[Image: Flickr user Pier-Luc Bergeron]
Sellers who win sell radically differently than sellers who come in second place. That's according to What Sales Winners Do Differently, a new research report from RAIN Group, a sales training and consulting firm. In its research, RAIN Group analyzed more than 700 business-to-business purchases to find out what separates sales winners from second-place finishers.
As I reviewed the results, it struck me just how much more marketing can do to help turbocharge results in this new world of selling.
Here are five things RAIN Group found that sales winners do better than second-place finishers, as well as how marketing and sales can collaborate to maximize sales results:
1. Sellers who win connect the dots between buyer needs and the seller's solutions.
Mike Schultz, the coauthor of the report, notes the Harvard Business Review recently published an article titled, "The End of Solution Sales." RAIN Group's research, however, found quite the opposite. In many cases, sellers are often left to their own devices to make the connection between customers' needs and how their products and services can act as solutions to those needs.
Yet, in most organizations, the marketers are assigned responsibility for analyzing and communicating how their company's offerings can improve their customers' condition. Marketers should create tools and playbooks that do this basic work for the sales team. These tools should include a grid of company offerings, how these offerings solve needs, the impact (or benefit) of solving those needs, and questions sellers can ask to uncover those needs. This has a huge impact on a seller's ability to connect the dots between needs and solutions.
2. Sellers who win persuade buyers they will achieve worthwhile results.
Case studies that demonstrate how your company created client results are gold to sellers. When marketing can provide these studies, the new buyers will a) see the results are possible, b) desire the results for themselves, and c) go a long way to being convinced they can achieve similar results.
3. Sellers who win minimize buyers' perception of risk.
This was a surprising finding. As Schultz said to me, "The concept of risk reduction has shot up in recent years in its importance to winning sales. Buyers have been burned in the past by promises not kept and are still feeling the sting of the Great Recession. Risk reduction is more important than ever." While the seller is essential in building trust with the buyer, marketing needs to be responsible for its brand, thought leadership, and communicating a history of results that build trust in the company itself and its offerings.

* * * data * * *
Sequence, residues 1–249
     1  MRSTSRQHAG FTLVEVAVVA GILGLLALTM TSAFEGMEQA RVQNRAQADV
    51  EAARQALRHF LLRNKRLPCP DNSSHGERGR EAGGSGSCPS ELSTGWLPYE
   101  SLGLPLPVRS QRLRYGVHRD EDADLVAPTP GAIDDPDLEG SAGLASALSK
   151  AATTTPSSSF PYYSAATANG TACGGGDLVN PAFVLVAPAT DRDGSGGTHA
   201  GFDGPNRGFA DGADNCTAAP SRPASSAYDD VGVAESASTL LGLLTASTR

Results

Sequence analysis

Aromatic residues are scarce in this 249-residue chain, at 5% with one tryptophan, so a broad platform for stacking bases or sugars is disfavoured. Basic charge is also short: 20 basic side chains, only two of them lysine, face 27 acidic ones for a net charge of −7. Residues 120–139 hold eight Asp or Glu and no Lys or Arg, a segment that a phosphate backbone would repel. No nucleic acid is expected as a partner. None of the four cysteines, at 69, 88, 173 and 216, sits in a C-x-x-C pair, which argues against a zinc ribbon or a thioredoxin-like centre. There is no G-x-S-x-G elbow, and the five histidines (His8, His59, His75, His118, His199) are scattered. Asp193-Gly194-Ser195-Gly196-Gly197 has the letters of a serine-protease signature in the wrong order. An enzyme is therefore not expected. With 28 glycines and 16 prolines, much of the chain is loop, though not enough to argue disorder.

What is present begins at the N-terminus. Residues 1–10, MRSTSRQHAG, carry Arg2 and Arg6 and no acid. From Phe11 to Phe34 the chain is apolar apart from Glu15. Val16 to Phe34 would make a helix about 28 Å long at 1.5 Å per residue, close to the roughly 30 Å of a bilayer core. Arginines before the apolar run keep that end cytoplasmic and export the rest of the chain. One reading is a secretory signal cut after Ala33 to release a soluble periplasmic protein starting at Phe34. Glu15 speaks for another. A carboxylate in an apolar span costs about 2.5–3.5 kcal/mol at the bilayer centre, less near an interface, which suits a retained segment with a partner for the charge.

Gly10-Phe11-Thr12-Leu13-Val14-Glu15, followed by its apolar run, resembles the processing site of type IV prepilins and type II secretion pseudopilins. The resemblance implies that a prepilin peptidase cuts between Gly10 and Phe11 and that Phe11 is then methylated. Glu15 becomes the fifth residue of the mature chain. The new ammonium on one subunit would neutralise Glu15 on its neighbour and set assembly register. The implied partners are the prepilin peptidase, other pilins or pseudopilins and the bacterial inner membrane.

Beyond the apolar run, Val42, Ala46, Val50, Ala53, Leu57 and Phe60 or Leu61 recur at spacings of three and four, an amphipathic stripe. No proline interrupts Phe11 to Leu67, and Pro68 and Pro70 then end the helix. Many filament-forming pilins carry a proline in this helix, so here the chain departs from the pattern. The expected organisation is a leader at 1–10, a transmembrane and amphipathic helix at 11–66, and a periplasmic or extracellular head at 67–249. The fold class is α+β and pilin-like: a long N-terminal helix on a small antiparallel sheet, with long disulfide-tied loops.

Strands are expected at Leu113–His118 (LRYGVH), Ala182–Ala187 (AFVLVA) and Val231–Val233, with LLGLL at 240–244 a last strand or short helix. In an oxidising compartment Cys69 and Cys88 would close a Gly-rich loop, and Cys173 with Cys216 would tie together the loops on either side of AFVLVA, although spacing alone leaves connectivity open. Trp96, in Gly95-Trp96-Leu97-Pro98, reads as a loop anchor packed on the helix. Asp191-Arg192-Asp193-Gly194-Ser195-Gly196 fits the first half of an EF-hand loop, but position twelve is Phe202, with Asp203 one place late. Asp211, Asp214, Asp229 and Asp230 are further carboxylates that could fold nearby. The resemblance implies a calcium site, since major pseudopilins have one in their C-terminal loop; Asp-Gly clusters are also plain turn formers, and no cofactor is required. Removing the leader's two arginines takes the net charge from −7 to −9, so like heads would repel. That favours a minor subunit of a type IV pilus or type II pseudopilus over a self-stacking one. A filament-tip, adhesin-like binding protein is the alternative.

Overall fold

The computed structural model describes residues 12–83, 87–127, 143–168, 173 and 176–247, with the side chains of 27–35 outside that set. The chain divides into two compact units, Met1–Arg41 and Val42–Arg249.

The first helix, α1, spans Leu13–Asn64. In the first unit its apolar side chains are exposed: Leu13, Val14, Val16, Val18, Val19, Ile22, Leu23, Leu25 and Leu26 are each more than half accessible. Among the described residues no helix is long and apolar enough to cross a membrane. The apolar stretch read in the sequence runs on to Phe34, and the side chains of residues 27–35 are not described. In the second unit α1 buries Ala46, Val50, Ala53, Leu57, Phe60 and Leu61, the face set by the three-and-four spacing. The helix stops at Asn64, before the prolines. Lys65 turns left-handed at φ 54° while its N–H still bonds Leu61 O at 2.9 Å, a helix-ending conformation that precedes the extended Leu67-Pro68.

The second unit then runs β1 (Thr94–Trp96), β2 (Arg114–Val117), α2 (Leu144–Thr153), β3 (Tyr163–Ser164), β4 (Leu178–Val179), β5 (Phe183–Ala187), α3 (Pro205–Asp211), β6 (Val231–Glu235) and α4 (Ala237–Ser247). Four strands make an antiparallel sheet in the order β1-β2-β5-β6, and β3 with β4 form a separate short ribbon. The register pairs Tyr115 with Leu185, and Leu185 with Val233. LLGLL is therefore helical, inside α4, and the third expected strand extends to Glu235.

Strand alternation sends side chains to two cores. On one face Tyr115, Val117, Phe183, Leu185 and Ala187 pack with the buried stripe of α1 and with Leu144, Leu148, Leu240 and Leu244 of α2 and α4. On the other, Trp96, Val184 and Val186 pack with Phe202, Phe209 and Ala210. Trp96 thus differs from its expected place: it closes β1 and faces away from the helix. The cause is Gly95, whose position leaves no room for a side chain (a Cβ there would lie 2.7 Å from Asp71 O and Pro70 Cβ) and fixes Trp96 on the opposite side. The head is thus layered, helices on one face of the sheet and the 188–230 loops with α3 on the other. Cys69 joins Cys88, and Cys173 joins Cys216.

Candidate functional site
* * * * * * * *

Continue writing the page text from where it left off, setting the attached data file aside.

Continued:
4. Sellers who win convince buyers they are the best option.
In a word, this is differentiation. Marketers can have a huge impact on helping sales communicate how their offerings--and their company--are superior to other options. Getting competitive positioning right takes great effort, but produces great results. It's often better for marketing to do it once and allow the whole sales team to leverage it, than it is for the sales team to try to get it done themselves in their spare time.
5. Sellers who win collaborate with buyers.
Consultants from CEB published The Challenger Sale, which recommends that sellers focus on challenging (and generally being more antagonistic) toward buyers. I wrote about this topic on FastCompany.com earlier this year. RAIN Group found the opposite in their research. RAIN researchers found that collaboration, not confrontation, gets better sales results. Creating events where buyers, prospects, and sellers can connect offline provides many possibilities. Blogs, private live events, and breakfasts; online meeting technologies such as Google Hangout; and online collaboration communities (like what CDW did here to improve sales prospecting) provide marketing leaders with myriad options.
All marketers should read What Sales Winners Do Differently. Consider sending the brief report to your sales and marketing teams. The more they know about how sales professionals and buyer behaviors are changing, the more they can sell like the top performers.
When marketing and sales collaborate with prospects, the race to the finish line happens with more ease. Don't make selling more challenging than it needs to be.
This post originally appeared in FastCompany.
Follow Lisa Nirell on Twitter: www.twitter.com/@lisa_nirell